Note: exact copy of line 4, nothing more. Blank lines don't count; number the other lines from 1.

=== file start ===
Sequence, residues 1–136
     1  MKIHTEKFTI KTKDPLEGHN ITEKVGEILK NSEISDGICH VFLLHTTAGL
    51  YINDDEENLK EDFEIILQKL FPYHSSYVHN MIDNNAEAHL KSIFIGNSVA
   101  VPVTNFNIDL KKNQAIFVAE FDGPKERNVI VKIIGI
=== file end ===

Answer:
   101  VPVTNFNIDL KKNQAIFVAE FDGPKERNVI VKIIGI